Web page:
California’s Electric Vehicle Demand Peak is 2 percent of the Grid’s Peak Demand

California needs to charge electric vehicles during day, not night, to save grid, study says

California should phase in charging stations at night to reduce the strain on its grid during peak hours, a new study finds.

After analyzing data from across the state, the report from the Department of Water Resources finds California’s energy use and demand during nighttime hours was higher than during the day, and is the main factor driving the use of electricity by plug-in electric vehicles.

The study, in the latest version of California’s electric vehicle plan, also found that the most efficient charging stations were located on the state’s freeways — in the worst and least environmentally sound cities in the state.

“You want that charging station to be in the middle of the freeway and on the shoulder, not in the middle of an urban area,” said Ben Kieschnick, an energy specialist at UC Berkeley, who led the study.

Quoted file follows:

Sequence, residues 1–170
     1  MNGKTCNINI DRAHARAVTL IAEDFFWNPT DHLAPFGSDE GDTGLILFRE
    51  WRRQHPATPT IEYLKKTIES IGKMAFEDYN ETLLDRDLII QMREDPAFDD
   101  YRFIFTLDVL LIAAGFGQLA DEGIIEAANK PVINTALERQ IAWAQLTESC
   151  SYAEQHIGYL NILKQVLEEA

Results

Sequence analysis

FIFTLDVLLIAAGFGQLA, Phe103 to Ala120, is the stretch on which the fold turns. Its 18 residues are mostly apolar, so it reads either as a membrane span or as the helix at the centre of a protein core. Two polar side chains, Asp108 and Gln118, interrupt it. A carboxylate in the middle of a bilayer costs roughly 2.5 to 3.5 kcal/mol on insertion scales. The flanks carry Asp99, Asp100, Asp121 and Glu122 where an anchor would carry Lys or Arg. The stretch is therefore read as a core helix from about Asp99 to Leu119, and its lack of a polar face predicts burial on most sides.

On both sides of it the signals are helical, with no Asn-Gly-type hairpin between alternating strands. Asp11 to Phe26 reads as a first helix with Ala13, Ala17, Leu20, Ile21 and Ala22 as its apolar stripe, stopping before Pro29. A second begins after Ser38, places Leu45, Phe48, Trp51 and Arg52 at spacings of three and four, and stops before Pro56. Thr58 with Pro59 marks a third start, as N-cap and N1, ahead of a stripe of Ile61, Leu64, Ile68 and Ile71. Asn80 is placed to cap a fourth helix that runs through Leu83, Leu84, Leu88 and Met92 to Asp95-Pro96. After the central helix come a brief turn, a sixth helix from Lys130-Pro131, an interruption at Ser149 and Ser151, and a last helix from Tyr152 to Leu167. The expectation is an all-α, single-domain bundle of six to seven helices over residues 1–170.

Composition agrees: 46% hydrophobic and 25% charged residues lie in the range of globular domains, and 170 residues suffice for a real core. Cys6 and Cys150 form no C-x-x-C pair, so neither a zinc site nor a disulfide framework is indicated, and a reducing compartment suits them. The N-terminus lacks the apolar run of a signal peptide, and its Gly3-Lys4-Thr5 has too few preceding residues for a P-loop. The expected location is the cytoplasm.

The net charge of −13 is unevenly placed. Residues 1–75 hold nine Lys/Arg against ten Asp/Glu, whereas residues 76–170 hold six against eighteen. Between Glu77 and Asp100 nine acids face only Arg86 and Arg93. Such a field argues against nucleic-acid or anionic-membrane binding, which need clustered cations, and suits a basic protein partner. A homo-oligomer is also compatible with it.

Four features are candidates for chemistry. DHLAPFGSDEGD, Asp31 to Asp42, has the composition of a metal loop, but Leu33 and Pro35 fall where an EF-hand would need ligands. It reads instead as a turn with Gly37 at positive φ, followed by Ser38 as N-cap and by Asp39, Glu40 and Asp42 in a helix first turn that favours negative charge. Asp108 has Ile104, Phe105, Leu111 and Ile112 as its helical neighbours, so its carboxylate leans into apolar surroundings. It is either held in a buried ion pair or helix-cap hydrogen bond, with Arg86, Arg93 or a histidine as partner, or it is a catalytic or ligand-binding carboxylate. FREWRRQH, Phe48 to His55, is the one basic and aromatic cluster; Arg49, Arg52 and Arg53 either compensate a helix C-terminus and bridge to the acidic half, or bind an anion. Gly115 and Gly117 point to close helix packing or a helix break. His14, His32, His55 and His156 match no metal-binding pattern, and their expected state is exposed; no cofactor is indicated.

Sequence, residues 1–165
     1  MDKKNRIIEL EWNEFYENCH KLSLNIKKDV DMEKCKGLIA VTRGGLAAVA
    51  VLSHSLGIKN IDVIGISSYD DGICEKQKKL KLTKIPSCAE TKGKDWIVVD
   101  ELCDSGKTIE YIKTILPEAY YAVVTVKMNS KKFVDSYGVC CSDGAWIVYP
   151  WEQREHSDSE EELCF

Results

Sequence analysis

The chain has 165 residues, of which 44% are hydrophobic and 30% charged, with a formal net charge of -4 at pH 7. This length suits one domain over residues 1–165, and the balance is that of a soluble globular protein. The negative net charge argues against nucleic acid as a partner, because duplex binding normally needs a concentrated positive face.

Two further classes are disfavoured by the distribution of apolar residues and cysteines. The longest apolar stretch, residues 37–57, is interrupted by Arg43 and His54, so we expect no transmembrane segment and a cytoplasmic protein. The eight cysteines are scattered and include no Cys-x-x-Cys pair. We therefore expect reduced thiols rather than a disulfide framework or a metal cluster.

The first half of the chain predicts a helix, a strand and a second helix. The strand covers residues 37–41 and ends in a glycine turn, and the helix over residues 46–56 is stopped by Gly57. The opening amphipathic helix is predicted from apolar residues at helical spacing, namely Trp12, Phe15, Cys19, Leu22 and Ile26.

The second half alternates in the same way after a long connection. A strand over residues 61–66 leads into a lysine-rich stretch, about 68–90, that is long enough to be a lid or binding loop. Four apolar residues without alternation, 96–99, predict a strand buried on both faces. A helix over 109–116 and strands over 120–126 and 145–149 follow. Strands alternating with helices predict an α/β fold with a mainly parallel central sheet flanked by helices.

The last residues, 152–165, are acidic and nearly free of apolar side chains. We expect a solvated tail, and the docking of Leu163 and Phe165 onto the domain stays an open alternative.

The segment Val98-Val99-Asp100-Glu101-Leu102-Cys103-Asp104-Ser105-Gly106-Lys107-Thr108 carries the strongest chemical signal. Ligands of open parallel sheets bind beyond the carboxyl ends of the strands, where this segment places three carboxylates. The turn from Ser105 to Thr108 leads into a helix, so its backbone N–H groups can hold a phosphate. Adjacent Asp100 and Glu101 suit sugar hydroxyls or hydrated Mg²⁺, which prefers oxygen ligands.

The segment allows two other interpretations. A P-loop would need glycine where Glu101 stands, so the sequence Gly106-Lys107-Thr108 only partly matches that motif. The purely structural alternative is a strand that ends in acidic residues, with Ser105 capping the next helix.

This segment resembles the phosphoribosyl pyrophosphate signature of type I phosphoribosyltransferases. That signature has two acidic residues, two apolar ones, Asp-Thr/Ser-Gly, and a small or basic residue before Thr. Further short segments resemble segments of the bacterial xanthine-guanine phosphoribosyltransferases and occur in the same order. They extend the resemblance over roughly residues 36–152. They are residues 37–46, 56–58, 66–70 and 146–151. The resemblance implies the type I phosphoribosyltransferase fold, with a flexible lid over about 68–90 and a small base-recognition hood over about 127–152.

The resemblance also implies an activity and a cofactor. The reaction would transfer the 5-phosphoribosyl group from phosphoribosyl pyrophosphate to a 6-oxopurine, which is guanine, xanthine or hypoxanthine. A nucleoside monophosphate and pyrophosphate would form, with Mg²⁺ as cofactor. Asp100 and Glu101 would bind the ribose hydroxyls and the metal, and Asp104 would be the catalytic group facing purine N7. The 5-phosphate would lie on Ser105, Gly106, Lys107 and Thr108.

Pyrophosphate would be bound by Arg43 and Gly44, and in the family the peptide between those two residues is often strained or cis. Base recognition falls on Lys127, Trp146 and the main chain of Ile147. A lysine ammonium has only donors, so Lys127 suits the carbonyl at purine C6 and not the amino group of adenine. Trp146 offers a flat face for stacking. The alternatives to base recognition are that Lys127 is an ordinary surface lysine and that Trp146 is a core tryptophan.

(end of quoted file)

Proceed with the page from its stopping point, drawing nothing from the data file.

The report finds that the peak demand by electric vehicles during the day is 2 percent of what is required for grid stability. After setting the peak demand during the day at 2 percent of the peak demand, the peak demand during the night climbs to 8 percent. Peak demand during the day is primarily met by “standby” generation, in the form of electricity from other utility-owned plants. This means that the most energy is “deregulated” or used by utilities that are subject to greater price competition.

The study finds that the electric vehicle demand peak occurs when the amount of grid-supplied electricity used to charge a battery decreases to 0.8 percent of maximum demand. This happens in California at 3:01 p.m. in the afternoon.

During this time of day, during peak hours, the electric vehicle demand can easily be met with energy generated by other utilities (the “snow” generation). In other words, the peak demand during the day is covered by the “snow” generation. During the night, the electric vehicle demand

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